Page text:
We’ve heard plenty about how Android apps on Chrome OS are a big deal, but when you first find yourself staring at the Google Play Store on a dual-purpose device, it can be tough to know where to begin.
Chromebooks were already quite capable without Android apps in the equation, after all, and many of the Play Store’s most popular titles are also available in web-app equivalents. Sure, you could install the Google Docs Android app or the Twitter Android app onto a Chromebook, but you’d get better and more complete experiences by using either service’s web-based counterpart. So why bother?
The trick is to figure out which Android apps actually enhance Chrome OS in a meaningful way — either by filling in a gap in the platform or by adding something new and practical into the experience. But in a sea of overlapping titles and mobile-specific utilities, singling out such a selection isn’t always easy.
That’s why I’m here to help. I’ve spent countless hours living with Chromebooks and using them as both productivity and entertainment tools. I’ve explored the available Android app options and pinpointed the programs that expand a Chromebook’s capabilities in measures that matter. I’ve even gone on business trips carrying nothing but an Android-app-enabled Chromebook for all of my work and (ahem) procrastination needs.
Start with the titles below — all free, unless otherwise noted — and watch your Chromebook transform from a cloud-centric laptop into a platform-defying all-purpose device.
(When you’re done here, by the way, don’t forget to consider some Linux apps for your Chromebook, too. Those can further extend your computer’s productivity powers — in some different but equally interesting ways.)
Documents, spreadsheets, and other file-oriented work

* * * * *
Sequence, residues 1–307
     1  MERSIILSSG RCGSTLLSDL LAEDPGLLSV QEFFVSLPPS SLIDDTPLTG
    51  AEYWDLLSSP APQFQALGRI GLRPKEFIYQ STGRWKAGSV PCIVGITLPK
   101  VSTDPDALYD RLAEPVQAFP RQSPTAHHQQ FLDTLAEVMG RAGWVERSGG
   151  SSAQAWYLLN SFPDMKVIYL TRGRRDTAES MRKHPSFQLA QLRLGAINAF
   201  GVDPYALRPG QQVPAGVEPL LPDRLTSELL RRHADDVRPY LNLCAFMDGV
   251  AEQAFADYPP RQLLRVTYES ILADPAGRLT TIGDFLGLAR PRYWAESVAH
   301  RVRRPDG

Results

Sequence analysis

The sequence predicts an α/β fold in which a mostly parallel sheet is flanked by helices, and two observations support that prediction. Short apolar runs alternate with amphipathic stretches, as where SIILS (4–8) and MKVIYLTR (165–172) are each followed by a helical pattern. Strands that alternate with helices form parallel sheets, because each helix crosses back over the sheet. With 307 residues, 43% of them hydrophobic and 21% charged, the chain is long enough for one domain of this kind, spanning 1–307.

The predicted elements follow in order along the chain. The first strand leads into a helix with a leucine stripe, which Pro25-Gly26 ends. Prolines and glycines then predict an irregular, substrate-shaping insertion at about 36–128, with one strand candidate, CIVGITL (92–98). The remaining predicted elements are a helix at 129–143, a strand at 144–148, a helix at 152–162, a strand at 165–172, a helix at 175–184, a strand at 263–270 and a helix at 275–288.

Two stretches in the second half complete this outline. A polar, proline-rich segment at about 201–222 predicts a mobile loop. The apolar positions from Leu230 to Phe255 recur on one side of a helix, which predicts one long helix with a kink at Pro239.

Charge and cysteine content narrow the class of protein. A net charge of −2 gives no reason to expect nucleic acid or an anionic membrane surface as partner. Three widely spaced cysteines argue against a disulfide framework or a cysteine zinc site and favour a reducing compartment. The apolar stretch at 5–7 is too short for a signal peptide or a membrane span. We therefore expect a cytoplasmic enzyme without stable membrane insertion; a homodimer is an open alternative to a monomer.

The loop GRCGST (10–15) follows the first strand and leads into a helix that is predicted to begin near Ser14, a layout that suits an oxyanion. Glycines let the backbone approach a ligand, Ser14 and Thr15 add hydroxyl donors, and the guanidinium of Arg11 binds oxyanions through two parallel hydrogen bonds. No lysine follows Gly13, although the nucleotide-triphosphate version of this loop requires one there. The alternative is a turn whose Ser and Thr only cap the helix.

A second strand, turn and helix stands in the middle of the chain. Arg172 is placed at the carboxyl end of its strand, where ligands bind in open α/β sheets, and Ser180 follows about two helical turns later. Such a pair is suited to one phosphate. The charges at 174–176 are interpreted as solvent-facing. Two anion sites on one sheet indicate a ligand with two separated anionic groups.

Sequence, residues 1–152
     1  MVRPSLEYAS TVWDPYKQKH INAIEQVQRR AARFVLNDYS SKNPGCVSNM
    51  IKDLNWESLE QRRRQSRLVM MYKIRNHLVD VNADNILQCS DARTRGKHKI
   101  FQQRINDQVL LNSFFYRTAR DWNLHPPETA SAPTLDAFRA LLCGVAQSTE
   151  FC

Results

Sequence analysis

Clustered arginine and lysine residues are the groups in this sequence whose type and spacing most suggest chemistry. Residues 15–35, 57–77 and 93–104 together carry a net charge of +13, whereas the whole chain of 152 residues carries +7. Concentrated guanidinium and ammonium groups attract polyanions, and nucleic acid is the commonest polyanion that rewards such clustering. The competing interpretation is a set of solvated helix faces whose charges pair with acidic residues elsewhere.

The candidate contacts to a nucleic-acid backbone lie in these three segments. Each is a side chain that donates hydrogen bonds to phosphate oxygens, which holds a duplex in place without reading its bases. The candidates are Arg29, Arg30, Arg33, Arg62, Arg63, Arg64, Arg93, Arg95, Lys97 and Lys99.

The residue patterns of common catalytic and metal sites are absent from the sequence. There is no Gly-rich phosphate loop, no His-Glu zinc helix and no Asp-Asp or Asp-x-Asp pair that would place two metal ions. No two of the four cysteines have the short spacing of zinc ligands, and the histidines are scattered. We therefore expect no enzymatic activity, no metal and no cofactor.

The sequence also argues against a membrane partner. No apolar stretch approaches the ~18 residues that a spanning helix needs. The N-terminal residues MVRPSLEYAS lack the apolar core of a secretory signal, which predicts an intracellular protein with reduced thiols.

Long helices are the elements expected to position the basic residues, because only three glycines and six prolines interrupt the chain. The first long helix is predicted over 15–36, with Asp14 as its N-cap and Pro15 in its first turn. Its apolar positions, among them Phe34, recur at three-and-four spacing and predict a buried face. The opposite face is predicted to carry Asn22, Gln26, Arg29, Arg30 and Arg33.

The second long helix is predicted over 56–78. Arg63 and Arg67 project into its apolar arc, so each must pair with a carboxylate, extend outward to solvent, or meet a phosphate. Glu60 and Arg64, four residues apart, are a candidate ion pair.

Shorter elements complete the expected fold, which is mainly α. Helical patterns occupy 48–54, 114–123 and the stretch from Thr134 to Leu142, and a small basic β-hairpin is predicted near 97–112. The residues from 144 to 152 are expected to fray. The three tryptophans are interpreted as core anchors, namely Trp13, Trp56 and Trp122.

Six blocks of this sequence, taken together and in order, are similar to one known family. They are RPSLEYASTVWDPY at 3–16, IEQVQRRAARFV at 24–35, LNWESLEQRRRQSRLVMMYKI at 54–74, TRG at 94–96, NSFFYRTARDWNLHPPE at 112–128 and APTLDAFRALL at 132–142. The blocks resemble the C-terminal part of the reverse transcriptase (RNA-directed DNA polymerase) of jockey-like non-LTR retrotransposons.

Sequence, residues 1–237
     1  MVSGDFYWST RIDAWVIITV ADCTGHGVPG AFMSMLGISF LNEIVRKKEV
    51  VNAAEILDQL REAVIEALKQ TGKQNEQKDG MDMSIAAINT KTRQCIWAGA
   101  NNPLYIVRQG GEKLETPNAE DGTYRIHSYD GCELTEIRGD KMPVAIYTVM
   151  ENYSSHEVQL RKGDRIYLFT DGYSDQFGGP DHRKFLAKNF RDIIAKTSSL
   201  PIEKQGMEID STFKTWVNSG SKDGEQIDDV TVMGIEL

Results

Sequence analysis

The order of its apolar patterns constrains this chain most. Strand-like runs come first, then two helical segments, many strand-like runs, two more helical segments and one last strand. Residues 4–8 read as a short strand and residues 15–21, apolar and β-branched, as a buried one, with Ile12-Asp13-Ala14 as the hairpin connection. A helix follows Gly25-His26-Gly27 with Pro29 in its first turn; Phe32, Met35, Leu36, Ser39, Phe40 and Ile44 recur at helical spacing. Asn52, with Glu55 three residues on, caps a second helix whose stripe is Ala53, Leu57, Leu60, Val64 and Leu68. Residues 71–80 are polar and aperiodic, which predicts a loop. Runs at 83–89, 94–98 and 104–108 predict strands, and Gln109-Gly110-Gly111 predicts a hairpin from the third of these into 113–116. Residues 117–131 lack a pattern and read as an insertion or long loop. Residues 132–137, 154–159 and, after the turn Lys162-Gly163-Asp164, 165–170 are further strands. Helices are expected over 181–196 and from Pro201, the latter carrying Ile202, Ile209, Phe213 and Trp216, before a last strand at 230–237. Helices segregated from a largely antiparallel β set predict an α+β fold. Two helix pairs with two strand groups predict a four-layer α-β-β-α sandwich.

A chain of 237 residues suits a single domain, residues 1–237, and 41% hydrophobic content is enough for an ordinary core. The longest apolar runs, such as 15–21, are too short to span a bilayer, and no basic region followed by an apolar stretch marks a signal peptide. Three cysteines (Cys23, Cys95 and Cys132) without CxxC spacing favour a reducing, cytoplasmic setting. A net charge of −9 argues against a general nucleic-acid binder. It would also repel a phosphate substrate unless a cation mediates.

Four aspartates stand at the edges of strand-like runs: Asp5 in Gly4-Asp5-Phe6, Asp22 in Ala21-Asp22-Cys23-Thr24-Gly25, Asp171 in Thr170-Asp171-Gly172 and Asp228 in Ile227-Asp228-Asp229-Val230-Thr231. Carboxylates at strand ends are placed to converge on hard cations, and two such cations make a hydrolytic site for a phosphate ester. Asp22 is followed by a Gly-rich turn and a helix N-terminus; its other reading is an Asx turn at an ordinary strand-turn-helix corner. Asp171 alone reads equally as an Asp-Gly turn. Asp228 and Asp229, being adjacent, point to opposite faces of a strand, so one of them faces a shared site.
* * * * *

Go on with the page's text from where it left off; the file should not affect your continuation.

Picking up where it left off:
We’ll kick things off with the most obvious of the bunch: If Google Docs doesn’t cut it for you and Microsoft’s Office Online offering is equally inadequate, the Android versions of Word, Excel, and PowerPoint are precisely what you need. They’re fully featured and fantastically familiar, as long as you have an Office 365 or Microsoft 365 subscription — and they fill a formerly unaddressable void left by Microsoft’s lackluster web options.
Need a desktop-caliber office suite without the recurring fee? MobiSystems’ OfficeSuite Pro is the next-best thing to Microsoft’s standard-bearer. The app costs $20, plus an additional $10 for a font pack you’ll probably want. (And remember: Once purchased, you can use the program on any Android device as well.)
Xodo does one thing and does it well: It makes it dead simple to write on, highlight, and annotate PDFs. If you need to fill out forms by hand or mark up the occasional document on your Chromebook, this free and easy-to-use app — also my recommendation for the best PDF manipulation program for Android devices — is the one for you.
The native Chrome OS Files app is fine, but you can give yourself greater file management power with Solid Explorer, an Android file manager app that’s optimized for Chrome OS support. Solid Explorer allows you to use a two-panel view for easy dragging and dropping of files between multiple locations — including your regular local storage, the area of your storage dedicated to Android app use, and cloud-based storage from a variety of compatible providers. It can connect to your own personal or company FTP or WebDav server, too, and it lets you add additional layers of encryption to files in any of those locations.
OneNote users, take note: The Android version of OneNote — my pick for the best fully-featured Android note-taking app, notably — one-ups its web-based equivalent by providing offline access to your notes along with enhanced handwriting support. If you’re using OneNote with a Chromebook, it’s well worth having around.
Google’s note-taking service has a perfectly functional web version, but the Keep Android app offers some noteworthy advantages. First and foremost, just like with OneNote, the Android version of Keep lets you view and work with your notes even when you’re offline — which could be a valuable option to have, at least in some theoretical future world where we’re all traveling again.
Beyond that, the Keep Android app is especially well-suited to on-screen scribbling — with a stylus, your finger, or whatever appendage you prefer — thanks to its built-in tools and settings for controlling the color and thickness of your “ink.” It even has the ability to add a variety of paper-like grid lines into your notes to make them feel like more of a natural writing environment.